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The Last Wolf: Robert Winder's book examines the elusive concept of Englishness

If English national character is so hard to pin down, could this mean there is no such thing any more?

Is there anything more tiresome than debating the essence of “Englishness” – or any other national identity, come to that? Millions of words must have been spilt on this fruitless quest over the past century, generating gigatonnes of wind that could have been usefully harvested for energy. Each time, no “essence” is to be found, and everyone goes back to the beginning and starts again.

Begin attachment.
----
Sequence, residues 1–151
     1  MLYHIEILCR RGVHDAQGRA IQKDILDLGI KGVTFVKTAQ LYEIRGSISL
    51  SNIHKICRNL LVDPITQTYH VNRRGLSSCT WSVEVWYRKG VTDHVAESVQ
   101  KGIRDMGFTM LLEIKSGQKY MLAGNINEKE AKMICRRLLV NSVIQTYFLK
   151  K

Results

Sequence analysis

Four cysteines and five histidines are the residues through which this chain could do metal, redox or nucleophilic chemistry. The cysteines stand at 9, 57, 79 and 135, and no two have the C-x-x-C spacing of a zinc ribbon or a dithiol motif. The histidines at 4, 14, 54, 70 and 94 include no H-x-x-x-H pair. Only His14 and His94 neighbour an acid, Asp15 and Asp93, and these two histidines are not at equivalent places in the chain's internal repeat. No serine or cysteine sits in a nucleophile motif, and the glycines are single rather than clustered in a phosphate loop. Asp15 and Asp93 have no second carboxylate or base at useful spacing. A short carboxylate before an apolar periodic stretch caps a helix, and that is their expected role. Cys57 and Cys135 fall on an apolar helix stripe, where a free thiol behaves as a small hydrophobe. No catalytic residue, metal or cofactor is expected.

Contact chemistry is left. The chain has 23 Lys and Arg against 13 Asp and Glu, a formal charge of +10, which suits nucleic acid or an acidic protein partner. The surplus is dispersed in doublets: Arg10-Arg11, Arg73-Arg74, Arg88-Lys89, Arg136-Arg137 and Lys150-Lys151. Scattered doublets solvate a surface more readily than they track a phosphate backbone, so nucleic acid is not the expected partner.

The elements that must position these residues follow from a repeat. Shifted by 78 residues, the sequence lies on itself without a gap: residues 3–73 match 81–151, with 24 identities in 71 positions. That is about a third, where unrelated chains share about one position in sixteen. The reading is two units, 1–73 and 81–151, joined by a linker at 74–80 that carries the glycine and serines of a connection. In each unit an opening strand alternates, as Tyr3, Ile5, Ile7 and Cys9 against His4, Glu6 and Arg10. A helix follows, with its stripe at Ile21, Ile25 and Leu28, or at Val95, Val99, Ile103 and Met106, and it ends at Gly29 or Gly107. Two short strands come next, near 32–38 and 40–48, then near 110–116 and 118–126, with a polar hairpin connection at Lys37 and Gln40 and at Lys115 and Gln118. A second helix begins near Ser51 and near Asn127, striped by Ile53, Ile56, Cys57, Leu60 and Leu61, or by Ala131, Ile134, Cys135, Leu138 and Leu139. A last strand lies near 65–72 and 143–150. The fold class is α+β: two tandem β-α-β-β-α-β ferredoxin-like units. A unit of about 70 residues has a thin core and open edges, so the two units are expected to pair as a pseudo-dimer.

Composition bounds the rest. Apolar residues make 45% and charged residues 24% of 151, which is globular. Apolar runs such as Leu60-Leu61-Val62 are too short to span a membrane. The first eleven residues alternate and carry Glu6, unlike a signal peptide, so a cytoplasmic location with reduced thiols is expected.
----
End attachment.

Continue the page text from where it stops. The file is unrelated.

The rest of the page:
That’s how it used to be, anyway. More recently, in the wake of the Brexit vote and the divisions it has laid bare, the debate about who “we” are has become fraught and urgent. England, and Britain more widely, is hardly alone in its soul-searching. Arguments about belonging, culture, nationhood and identity are flooding across the Western world – and beyond – because people are increasingly unsure about who or where they are. The sweeping changes unleashed by hypercapitalism, technological change and unprecedented levels of migration are making rootlessness the norm, and the more people feel rootless the more they want to know where they belong and where they come from.